A fresh-faced authority called on by CNN said that at least the trial was transparent. Not the one I watched, which became more opaque as pious experts did their paid bit and attorney Jose Baez delivered a final speech for the defense so emotional, so confusing, so clever, that it nearly wiped out the memory of all he had promised in his opening statement—the accident that snowballed, that was never addressed in evidence, because Casey, the accidental mother, exercised her constitutional right in not speaking. Guess now, if you will, which TV show she will speak to, and how much money she will get—enough to cover her $4000 fines?
Did anything emerge well from this turgid frenzy? Yes, it was Judge Belvin Perry, who seemed to see the horrid likelihood that he might become a TV personality and eroded that threat by being steadfast, professional, and bored. We have seen other judges grasp their 15 minutes, or weeks. Perry was what we would like to be made of, and his is the only post-coital interview I would care to hear. Of course, he will not stoop to offer it. If you heard him utter the name, “Caylee Louise Anthony,” you know the man and his decency already. By the way, Caylee is dead—and her death might have kept her mother’s hair restrained at sentencing.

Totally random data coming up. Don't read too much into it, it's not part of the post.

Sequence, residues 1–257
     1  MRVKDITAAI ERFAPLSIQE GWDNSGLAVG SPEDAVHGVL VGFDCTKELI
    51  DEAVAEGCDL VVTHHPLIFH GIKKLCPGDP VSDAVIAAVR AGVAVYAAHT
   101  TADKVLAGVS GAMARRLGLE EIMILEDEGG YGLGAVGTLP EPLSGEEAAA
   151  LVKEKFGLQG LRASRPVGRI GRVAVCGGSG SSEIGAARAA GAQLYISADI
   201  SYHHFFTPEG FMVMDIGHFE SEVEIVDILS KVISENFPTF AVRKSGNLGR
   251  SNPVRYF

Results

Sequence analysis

Like fireworks (I am thinking July 4, deliberation day for the jury), the trial was riveting and pointless. As such, it’s what we now demand of “news”: hold us, then let us go. So, the Anthony trial is in the pattern of the disaster in Japan (you must remember that?), the action in Libya, the stirrings of something in Egypt, or the collapse of the economy. In such times of stress, melodramas like that of the Anthonys are pacifiers that fill our roof-space (also known as our heads) like styrofoam.